Thursday 13th November 2008 by C. Freeman
Astrophysicist Dr Andrew Newsam spoke about his cutting edge work discovering distant galaxies when he visited Brooke Weston. Dr Newsam, who is the Director of the National Schools' Observatory, studies the distant reaches of space and charts galaxies a thousand million light years away.
He was at Brooke Weston to deliver lectures on 'Exploring the Dynamic Universe'. The first was an afternoon talk for Brooke Weston's Sixth Formers while the second was open to the public. Both were organised by Corby Rotary Club and attended by its president, Ray Bradbury.
Dr Newsam delivers a lot of lectures but says that the trick in explaining something so complex is to concentrate on the key issues. He said: 'The lecture is mainly about how we study astronomy and in particular how we look at things that change. Some of the technology that we are using, like the new kinds of telescopes, let us observe changes and that helps our understanding of what is actually going on. When explaining the concepts then the details, and certainly a lot of the subtleties, don't matter. I look at what I find really interesting and explain those bits.'
Dr Newsam, who is based at Liverpool John Moores University, only became interested in astrophysics after completing his first physics degree. The University is unique in that it is the only one with its own telescope. The equipment, located in the Canaries, is the largest robotically controlled telescope in the world. Dr Newsam travels round the country delivering talks and also observes space from telescopes sited around the globe.
He said: 'On one trip to Hawaii I discovered 50,000 galaxies; it was a great trip! Most of the objects which I discover just go into a catalogue and we don't continue studying them. It's the unusual ones that I'm interested in because you tend to learn more from them.'
Out of the 50,000 galaxies discovered in Hawaii maybe only two would be so unusual that they would merit further research. Dr Newsam said: 'I'm personally looking for galaxies which are producing too much energy. A galaxy normally has a couple of hundred thousand million stars in it so you expect the energy to be about a couple of hundred thousand million times that of the sun. If there's a lot more than that then there's something else happening: It could be enormous numbers of new stars being formed or it could be a very large black hole in the centre of the galaxy destroying matter as it falls in. If we can find those we can start looking at the physics of these extreme things; that's when you start looking at really exciting stuff.'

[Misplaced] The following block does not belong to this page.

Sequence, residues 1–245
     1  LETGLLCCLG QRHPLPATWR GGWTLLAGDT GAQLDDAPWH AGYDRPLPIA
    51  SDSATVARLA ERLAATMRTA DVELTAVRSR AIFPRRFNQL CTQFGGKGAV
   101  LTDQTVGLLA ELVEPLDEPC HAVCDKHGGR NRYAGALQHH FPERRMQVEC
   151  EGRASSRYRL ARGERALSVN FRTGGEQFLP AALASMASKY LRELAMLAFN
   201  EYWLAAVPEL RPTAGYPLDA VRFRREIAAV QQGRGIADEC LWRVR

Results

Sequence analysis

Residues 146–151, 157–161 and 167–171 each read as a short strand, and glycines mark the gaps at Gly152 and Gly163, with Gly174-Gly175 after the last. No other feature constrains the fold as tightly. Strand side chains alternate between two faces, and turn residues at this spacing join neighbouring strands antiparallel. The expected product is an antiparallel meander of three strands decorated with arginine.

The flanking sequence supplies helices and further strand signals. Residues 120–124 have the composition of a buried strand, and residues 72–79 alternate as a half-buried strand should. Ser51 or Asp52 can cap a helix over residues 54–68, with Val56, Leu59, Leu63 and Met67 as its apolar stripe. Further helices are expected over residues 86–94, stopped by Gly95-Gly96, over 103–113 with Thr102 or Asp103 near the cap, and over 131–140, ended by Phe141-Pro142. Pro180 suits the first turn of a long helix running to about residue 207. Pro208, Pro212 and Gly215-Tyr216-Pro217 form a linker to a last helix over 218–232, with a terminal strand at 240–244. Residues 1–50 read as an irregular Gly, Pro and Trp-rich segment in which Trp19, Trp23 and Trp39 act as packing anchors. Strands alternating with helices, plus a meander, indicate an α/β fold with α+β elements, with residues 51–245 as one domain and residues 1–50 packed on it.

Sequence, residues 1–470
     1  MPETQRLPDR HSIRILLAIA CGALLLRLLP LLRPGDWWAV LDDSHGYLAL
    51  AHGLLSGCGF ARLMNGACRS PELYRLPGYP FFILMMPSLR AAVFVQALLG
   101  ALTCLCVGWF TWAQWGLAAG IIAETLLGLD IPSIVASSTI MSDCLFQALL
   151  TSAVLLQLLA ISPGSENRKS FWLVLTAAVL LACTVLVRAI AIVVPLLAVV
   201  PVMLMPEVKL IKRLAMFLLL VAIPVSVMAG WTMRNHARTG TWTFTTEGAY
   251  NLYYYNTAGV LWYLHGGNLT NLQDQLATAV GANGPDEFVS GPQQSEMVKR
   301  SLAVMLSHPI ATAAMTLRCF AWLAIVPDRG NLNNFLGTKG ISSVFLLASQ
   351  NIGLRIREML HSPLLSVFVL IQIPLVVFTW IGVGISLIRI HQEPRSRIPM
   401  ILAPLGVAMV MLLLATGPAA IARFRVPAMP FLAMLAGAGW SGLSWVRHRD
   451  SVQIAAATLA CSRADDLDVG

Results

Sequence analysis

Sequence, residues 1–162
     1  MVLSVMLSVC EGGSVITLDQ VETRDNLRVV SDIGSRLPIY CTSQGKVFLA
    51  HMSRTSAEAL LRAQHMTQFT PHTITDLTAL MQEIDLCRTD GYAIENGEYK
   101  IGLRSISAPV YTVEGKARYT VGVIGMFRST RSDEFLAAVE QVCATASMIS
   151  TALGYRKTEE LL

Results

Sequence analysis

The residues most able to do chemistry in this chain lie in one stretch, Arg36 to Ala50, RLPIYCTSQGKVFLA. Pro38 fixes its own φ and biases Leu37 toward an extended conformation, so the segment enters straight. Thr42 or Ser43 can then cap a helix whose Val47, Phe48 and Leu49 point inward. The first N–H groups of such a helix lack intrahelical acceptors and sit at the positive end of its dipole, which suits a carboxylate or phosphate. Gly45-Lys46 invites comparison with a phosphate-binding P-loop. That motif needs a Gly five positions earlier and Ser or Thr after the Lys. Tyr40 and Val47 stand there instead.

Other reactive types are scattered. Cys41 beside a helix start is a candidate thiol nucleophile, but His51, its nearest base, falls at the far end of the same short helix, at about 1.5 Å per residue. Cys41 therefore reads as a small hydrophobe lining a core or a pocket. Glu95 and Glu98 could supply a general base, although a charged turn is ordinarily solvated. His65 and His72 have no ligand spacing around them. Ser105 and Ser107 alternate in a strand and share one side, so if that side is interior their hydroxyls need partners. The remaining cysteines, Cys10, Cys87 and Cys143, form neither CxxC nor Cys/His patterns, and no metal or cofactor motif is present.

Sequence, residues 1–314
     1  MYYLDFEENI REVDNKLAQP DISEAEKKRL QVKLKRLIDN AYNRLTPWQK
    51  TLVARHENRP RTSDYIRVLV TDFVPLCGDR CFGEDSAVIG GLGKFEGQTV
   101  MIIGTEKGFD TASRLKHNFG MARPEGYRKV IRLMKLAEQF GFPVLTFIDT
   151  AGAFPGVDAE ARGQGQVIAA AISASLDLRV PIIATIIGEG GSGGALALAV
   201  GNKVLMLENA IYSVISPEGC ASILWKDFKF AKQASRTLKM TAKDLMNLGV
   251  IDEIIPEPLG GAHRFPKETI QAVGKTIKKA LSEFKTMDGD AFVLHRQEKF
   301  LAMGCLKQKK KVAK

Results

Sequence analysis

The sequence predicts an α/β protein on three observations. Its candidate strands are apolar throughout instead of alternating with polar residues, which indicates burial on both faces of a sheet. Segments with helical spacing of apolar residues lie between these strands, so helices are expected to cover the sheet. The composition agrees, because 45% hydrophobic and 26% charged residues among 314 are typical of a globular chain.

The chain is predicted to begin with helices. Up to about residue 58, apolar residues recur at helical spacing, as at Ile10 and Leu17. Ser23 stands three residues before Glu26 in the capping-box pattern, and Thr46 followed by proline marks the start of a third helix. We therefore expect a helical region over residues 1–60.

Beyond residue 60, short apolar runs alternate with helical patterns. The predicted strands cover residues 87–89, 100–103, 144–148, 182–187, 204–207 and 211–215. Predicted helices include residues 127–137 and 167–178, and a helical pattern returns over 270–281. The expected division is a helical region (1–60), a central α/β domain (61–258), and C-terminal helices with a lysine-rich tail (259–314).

The lecture, which was followed by a 20 minute question and answer session, was well received by Sixth Formers and staff. Alex Christian said: 'I just found Dr Newsam very engaging and entertaining. I wasn't sure if I was going to go in there and not understand any of it but he really explained it to us.' Jessica Irwin added: 'Dr Newsam explained so that everyone understood it and he was friendly so he kept you interested. The question and answer session gave everyone a chance to ask things that they weren't quite sure about.'
Teacher Mr Tiktin said: 'Dr Newsam was young, humorous and had new things to say. He talked about gamma ray bursts and also introduced to us the idea of robotic telescopes which some of these students will now use as part of their extended project work in the last term of this academic year. At one stage a student asked him what was matter and he was then into high-level physics, but at another stage he was just asked how a telescope was designed and he gave a very simple description.'